July 8, 2016
Moderated by Waubgeshig Rice, the Indigenous Writers’ panel at the recent Canadian Writers’ Summit consisted of Tracey Lindberg, Lee Maracle and Kenneth Williams.
As I expected, these diverse individuals had very different things to say, but the discussion often circled back to one question: “How can white people in the literary community be better allies to Aboriginal writers?” Or maybe I was just focusing in on what I wanted to know.
Tracey Lindberg took the discussion to a whole new level, speaking with deep emotion about the contrast between her accomplishments in the world and her inner feelings of uncertainty and powerlessness.
Her novel Birdie, also goes straight to the heart. Lindberg hones in on the raw nerve of what violence and oppression do to a person’s mind and body and stays right on top of that nerve for the whole arc of the narrative.
Taking to her bed upstairs from the bakery where she works, Lindberg’s heroine Bernice/Birdie takes an internal journey through her traumatic past. Her cousin Freda and aunt Valene come to watch over her. The wrongs Birdie has suffered are unfathomably deep, and Lindberg is encyclopaedic in her description of the varieties and manifestations of her pain. Birdie has — as Lindberg puts it — a “palate for pain.” She divines the painful spots in the women in her life as if reading a map.
Boundaries between people are fluid; so are boundaries between thought and action, dream and waking, real time and memory. Birdie is an expert on the ways of trauma. “After any memory, after the thinking, it could take anywhere up to a week (if then) for her to even remember the incident that triggered the emotion.”
That this is Birdie’s internal landscape is horrifying, but there is strength in her very expertise. Lindberg has created a heroine whose resilience comes from living in her pain, not walking away from it. She is a survivor, not by mastering circumstances or by being rescued from them, but by finding her true resources, her true nourishment. There is no easy resolution but she emerges fortified and ready to take up the challenges of her life.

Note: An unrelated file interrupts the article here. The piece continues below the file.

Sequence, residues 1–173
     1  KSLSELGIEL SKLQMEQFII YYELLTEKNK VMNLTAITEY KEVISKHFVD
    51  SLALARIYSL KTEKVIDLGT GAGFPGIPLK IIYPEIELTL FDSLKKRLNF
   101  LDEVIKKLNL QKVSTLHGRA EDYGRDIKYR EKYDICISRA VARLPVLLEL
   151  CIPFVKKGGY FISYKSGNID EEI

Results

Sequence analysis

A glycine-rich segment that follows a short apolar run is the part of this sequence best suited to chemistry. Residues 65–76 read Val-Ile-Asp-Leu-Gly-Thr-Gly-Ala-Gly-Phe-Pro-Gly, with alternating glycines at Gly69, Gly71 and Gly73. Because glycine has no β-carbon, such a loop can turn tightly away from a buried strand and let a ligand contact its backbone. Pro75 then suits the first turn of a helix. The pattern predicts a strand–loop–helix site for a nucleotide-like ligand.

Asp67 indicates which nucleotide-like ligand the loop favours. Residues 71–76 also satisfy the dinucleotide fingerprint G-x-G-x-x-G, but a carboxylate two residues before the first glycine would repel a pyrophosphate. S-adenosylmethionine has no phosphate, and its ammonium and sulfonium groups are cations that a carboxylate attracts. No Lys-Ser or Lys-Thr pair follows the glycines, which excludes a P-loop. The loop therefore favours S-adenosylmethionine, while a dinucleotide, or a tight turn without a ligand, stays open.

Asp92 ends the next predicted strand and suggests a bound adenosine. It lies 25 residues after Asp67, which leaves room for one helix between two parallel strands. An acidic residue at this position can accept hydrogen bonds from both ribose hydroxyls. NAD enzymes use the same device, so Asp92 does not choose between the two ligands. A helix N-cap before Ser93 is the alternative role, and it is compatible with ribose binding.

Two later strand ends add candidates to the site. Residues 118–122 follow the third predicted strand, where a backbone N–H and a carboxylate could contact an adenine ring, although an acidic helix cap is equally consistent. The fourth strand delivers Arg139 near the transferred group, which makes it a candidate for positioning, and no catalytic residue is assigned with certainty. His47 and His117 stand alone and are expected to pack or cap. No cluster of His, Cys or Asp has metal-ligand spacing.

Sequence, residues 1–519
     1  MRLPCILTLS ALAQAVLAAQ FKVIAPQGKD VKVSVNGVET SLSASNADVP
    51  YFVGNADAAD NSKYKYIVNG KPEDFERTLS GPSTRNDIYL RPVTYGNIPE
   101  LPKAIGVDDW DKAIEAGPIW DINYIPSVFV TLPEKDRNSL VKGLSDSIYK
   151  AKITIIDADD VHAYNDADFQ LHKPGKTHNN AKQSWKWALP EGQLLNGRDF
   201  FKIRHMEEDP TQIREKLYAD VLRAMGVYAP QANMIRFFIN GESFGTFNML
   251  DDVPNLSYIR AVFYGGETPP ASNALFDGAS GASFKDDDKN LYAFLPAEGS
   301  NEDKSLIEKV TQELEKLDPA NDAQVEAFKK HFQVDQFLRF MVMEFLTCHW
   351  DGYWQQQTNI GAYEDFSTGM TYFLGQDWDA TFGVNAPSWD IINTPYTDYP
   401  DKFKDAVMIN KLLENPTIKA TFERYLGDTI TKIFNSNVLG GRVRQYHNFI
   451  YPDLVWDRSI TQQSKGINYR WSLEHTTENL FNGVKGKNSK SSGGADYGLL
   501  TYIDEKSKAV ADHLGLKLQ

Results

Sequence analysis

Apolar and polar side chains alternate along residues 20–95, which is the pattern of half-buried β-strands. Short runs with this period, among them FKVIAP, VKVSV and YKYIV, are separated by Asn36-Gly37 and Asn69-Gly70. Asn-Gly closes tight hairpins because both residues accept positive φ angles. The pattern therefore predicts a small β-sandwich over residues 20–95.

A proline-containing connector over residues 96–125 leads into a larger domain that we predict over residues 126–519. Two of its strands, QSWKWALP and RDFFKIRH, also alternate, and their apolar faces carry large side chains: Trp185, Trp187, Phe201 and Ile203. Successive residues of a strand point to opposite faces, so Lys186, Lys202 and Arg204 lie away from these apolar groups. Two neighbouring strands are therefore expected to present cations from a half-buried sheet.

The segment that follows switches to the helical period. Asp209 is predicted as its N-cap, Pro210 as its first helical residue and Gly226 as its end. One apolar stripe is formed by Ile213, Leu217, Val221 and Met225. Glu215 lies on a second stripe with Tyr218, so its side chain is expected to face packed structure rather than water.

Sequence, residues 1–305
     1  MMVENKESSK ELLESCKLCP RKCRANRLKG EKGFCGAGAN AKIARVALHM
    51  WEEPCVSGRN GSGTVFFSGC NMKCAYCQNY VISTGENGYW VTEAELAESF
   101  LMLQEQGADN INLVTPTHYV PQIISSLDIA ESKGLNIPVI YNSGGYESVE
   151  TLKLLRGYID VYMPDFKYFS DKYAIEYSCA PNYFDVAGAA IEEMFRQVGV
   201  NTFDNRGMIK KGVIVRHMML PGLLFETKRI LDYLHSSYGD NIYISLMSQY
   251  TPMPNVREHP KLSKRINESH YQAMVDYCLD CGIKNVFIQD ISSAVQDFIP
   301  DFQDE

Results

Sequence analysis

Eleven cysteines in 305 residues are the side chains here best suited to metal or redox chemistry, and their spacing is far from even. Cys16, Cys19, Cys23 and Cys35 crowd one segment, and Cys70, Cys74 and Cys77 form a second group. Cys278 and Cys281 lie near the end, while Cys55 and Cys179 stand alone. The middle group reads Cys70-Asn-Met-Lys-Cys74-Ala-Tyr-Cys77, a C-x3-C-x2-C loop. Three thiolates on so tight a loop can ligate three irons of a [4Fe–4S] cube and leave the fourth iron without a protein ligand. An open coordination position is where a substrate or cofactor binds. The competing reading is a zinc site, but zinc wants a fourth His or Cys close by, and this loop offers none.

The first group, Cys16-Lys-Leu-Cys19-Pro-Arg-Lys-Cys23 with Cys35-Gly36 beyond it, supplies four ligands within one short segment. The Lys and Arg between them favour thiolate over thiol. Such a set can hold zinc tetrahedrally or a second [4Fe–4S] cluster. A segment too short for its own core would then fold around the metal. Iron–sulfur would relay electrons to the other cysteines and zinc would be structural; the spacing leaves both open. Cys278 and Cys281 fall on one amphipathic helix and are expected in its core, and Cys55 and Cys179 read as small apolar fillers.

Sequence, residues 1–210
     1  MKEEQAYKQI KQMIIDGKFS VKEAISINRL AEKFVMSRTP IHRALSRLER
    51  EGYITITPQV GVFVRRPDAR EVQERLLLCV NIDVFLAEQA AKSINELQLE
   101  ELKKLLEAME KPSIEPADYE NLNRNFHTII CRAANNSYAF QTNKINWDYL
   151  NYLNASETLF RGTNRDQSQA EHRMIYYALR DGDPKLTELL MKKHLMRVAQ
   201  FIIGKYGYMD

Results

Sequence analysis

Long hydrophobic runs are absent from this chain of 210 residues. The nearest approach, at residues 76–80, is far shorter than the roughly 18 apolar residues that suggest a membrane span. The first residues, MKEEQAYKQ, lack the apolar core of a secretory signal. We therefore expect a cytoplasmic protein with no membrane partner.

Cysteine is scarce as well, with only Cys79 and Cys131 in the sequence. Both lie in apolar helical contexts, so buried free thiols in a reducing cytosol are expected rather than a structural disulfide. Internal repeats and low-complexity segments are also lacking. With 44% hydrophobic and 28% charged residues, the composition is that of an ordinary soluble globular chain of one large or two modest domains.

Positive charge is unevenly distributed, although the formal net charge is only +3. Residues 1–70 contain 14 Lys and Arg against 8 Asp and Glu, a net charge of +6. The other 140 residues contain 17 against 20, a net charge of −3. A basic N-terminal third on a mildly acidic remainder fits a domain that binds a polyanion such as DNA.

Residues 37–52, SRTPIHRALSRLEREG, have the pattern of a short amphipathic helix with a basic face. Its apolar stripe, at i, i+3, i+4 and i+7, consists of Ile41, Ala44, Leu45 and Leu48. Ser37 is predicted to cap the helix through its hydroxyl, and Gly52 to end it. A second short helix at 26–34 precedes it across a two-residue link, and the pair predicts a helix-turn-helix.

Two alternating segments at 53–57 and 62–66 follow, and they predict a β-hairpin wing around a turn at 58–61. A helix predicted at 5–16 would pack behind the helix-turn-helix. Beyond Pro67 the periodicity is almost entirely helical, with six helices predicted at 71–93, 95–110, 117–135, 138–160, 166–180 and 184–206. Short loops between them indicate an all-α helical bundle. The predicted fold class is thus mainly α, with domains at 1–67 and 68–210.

There are white allies in Lindberg’s book. They’re not allies for saying or even doing all the right things. At their best, they provide a space for Birdie’s process. In the pages devoted to Birdie’s foster parents, the Inglesons, Lindberg captures the brew of tenderness, gratitude, resentment and guilt she feels towards these “sweet” yet heedless and unconsciously privileged people. A scene where Birdie tries to decide on a prom dress is laden with irony. Thoughts and feelings roil beneath the surface for Birdie, while her foster mother (who has won an award for her foster parenting) sweetly — and disastrously — offers both dresses. With the Inglesons, Birdie has “moments of real tranquility, pieces of peace.” Yet she is always internally working, strategizing, translating.
Another white character, Lola unquestioningly takes in Birdie’s cousin and aunt as they tend to her through her long transformative process. Ultimately, Lola develops a close relationship with Birdie’s cousin Freda yet even here, we see Freda providing her with resolution, with a happy ending where Freda herself sees ambiguity. Freda is still doing a lot of work.
Back to the panel discussion:
Kenneth Williams suggested approaching elders and asking them questions, knowing that we will get things wrong, because we will.
I thought: That’s just it. We have got things wrong. We will continue to get them wrong.
Bernhard Schlink’s Guilt about the Past, came to mind as it often has in discussions of reconcilation. He’s a completely different sort of writer, but the simultaneously delicate and relentless probing quality of his thinking reminds me of Lindberg’s work.
Schlink writes: ” … during the soccer World Cup, I was watching a match in a beer garden in Berlin. When the German team scored its first goal, a worker my age threw his arms into the air and shouted, ‘Wir sind wieder wer!’ (‘We are somebody again!’) So even this worker saw himself under the long shadow of the past and experienced this moment as a liberation, as a chance to get back into the light.”
For Schlink, “The thought that the past could and should be mastered contains not only the yearning for freedom from it; it even asserts an entitlement to such an end. As with every task, whoever works hard at it expects that the task will eventually be completed, and then demands to be released from duty once the task is finished.”
There’s a fine line between becoming a good ally and demanding to get back into the light. I wonder if it’s possible to ever truly know the difference.